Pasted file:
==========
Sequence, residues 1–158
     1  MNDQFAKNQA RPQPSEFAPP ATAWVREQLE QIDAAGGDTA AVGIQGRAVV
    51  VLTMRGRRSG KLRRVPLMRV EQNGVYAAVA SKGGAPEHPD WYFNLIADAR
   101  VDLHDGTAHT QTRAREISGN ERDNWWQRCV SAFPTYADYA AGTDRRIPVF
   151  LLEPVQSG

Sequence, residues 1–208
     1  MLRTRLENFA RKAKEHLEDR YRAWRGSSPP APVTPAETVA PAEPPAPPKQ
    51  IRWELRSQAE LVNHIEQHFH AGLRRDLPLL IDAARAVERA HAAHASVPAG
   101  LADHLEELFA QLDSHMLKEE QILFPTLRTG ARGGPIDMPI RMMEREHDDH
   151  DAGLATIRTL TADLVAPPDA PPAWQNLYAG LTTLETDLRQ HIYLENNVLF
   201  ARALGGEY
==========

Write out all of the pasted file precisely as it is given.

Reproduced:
Sequence, residues 1–158
     1  MNDQFAKNQA RPQPSEFAPP ATAWVREQLE QIDAAGGDTA AVGIQGRAVV
    51  VLTMRGRRSG KLRRVPLMRV EQNGVYAAVA SKGGAPEHPD WYFNLIADAR
   101  VDLHDGTAHT QTRAREISGN ERDNWWQRCV SAFPTYADYA AGTDRRIPVF
   151  LLEPVQSG

Sequence, residues 1–208
     1  MLRTRLENFA RKAKEHLEDR YRAWRGSSPP APVTPAETVA PAEPPAPPKQ
    51  IRWELRSQAE LVNHIEQHFH AGLRRDLPLL IDAARAVERA HAAHASVPAG
   101  LADHLEELFA QLDSHMLKEE QILFPTLRTG ARGGPIDMPI RMMEREHDDH
   151  DAGLATIRTL TADLVAPPDA PPAWQNLYAG LTTLETDLRQ HIYLENNVLF
   201  ARALGGEY